Will 2020 prices be different?

They’ll likely increase but you can anticipate that the 2020 LS will again have starting prices that undercut its primary German-brand competitors. Still, this won’t be an inexpensive purchase: our heavily optioned rear-drive 2019 F Sport, for example, stickered for nearly $102,000.

Note, however, that in a sign of troubling times for all cars, Lexus was offering factory incentives on the 2019 LS that resulted in transaction prices at or below dealer invoice. Don’t be surprised to find deals like that available on the 2020 LS. Base-price estimates here include the manufacturer’s destination fee, which was $1,025 on the 2019 LS.

With rear-wheel drive, 2020 LS estimated base prices are $77,000 for an LS 500, $81,000 for an LS 500h, and $81,000 for an LS 500 F Sport. AWD should continue to demand a relatively steep $3,220 price premium across the board.

LS should continue to offer several very expensive option packages. The dollar figures we list here are for the 2019 model.

For the LS 500 and 500h, the $12,270 Luxury Package adds a power rear headrest with memory positioning, heated outboard rear seats, power side-window sunshades, suede headliner, rear side-impact airbags, power rear-seat adjuster, and four-zone climate control. The $17,080 Executive Package includes all this plus the power rear-passenger-side seat adjuster with ottoman, upgraded interior trim, and acoustic rear quarter glass. Adding the Kiriko glass interior trim raises the price of the Executive Package to an eye-watering $23,080.

You must order either the Luxury or Executive package to the LS 500 and 500h to add the $3,000 Lexus Advanced Safety System + Advanced Package, which includes front cross-traffic alert and lane-change assist. This package is available by itself on the F Sport.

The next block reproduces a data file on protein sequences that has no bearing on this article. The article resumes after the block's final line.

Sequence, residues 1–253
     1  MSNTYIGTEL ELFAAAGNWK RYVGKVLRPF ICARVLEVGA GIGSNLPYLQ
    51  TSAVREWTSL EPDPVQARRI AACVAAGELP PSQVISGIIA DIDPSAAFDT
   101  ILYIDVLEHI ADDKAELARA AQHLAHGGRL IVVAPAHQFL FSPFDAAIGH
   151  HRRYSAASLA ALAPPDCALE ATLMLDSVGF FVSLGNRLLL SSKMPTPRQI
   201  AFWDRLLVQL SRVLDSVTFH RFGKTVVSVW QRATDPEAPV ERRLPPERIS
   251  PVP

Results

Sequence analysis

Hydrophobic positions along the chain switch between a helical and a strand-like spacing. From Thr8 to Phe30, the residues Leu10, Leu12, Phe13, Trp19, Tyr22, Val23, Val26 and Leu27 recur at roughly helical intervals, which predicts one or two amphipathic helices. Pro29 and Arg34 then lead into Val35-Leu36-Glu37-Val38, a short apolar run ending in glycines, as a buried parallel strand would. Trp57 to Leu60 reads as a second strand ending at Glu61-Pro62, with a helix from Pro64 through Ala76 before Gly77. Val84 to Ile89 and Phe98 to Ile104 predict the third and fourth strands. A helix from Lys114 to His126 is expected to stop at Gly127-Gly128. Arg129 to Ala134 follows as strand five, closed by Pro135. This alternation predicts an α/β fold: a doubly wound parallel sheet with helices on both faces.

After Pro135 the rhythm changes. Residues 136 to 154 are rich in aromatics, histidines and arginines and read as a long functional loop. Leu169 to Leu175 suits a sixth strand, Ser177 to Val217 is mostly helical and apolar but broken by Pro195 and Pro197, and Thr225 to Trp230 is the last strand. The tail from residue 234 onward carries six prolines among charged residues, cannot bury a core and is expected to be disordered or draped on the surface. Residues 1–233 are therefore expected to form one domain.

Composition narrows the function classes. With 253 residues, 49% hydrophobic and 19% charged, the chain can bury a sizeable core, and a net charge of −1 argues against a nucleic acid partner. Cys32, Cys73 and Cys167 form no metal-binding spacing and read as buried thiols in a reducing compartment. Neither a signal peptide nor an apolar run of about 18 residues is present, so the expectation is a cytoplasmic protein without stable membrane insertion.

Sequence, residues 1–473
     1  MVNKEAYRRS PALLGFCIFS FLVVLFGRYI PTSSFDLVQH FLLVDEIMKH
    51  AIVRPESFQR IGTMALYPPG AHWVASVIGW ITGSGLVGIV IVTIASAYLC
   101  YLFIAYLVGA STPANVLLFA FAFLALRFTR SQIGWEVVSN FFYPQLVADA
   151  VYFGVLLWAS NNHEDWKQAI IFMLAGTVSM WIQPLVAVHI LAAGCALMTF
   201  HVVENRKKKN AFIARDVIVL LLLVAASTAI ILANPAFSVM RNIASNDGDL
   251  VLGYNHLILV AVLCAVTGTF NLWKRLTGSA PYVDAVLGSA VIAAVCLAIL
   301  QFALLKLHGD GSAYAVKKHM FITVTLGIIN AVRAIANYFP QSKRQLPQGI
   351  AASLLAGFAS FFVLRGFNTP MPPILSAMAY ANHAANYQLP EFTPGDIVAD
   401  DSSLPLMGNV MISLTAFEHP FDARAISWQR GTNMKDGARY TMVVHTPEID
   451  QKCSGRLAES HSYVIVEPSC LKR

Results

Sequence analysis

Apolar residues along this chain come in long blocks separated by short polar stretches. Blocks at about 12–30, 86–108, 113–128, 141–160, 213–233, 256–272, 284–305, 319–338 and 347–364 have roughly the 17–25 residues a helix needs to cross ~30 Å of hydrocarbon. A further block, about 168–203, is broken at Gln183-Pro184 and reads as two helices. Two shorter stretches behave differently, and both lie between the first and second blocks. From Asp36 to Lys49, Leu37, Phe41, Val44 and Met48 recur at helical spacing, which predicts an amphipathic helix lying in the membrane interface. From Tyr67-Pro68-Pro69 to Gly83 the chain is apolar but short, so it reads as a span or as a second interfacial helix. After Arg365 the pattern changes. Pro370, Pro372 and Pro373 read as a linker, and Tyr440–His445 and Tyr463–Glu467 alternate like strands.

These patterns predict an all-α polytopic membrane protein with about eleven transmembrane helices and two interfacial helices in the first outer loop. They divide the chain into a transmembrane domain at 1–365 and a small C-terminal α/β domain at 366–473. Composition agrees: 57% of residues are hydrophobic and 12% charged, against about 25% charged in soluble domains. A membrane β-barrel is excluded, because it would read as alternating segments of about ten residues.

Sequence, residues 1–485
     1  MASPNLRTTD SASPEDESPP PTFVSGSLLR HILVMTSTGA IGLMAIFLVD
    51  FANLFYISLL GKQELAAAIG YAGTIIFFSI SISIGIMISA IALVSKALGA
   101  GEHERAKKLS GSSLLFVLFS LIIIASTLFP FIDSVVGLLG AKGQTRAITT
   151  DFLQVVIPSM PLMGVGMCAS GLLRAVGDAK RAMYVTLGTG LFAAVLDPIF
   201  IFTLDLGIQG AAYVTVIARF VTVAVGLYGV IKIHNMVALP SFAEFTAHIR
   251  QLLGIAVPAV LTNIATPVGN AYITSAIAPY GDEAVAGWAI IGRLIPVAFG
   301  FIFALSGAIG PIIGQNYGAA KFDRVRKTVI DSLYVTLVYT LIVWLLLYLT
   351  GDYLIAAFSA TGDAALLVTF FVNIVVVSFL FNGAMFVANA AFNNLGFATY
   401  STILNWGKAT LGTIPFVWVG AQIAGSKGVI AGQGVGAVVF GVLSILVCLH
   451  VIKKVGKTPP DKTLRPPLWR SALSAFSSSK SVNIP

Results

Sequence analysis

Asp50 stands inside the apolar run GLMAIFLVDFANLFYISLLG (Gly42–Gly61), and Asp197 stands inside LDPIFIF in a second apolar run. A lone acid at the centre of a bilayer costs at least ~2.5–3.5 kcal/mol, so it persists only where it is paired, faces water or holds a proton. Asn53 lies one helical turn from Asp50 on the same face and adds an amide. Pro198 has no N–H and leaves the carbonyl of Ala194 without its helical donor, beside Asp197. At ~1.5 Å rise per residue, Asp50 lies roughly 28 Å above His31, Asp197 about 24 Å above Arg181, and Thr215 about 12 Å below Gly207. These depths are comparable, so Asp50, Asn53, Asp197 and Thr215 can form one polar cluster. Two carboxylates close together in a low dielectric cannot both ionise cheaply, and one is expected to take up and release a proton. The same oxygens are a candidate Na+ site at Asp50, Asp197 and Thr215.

Among standalone extras should be an adaptive air suspension ($1,500), various 20-inch wheel designs ($1,200-$2,450), panoramic sunroof ($1,000), 23-speaker Mark Levinson audio system ($1,940), and premium paint colors ($595).

The F Sport Performance Package is $9,700 and is only available on rear-drive models.

When does it come out?

Expect the 2020 Lexus LS to start arriving at dealers in the fall of 2019.

Best competitors

Audi A8, BMW 7 Series, Cadillac CT6, Genesis G90, Mercedes-Benz S-Class, Tesla Model S

About Chuck Giametta

This nationally recognized, award-winning writer brings to Carpreview.com two decades of automotive testing and reporting for newspapers, books, magazines, and the Internet. The former Executive Auto Editor of Consumer Guide, Chuck has covered cars for HowStuffWorks.com, Collectible Automobile magazine, and the Publications International Ltd. automotive book series. This ex-newspaper reporter has also appeared as an automotive expert on network television and radio. He’s a charter member of the Midwest Automotive Media Association, the president of the Rocky Mountain Automotive Media association, and a juror for the annual Active Lifestyle Vehicle of the Year awards. Chuck writes from Colorado Springs, Colo. If you have a question for Chuck, write to him at [email protected]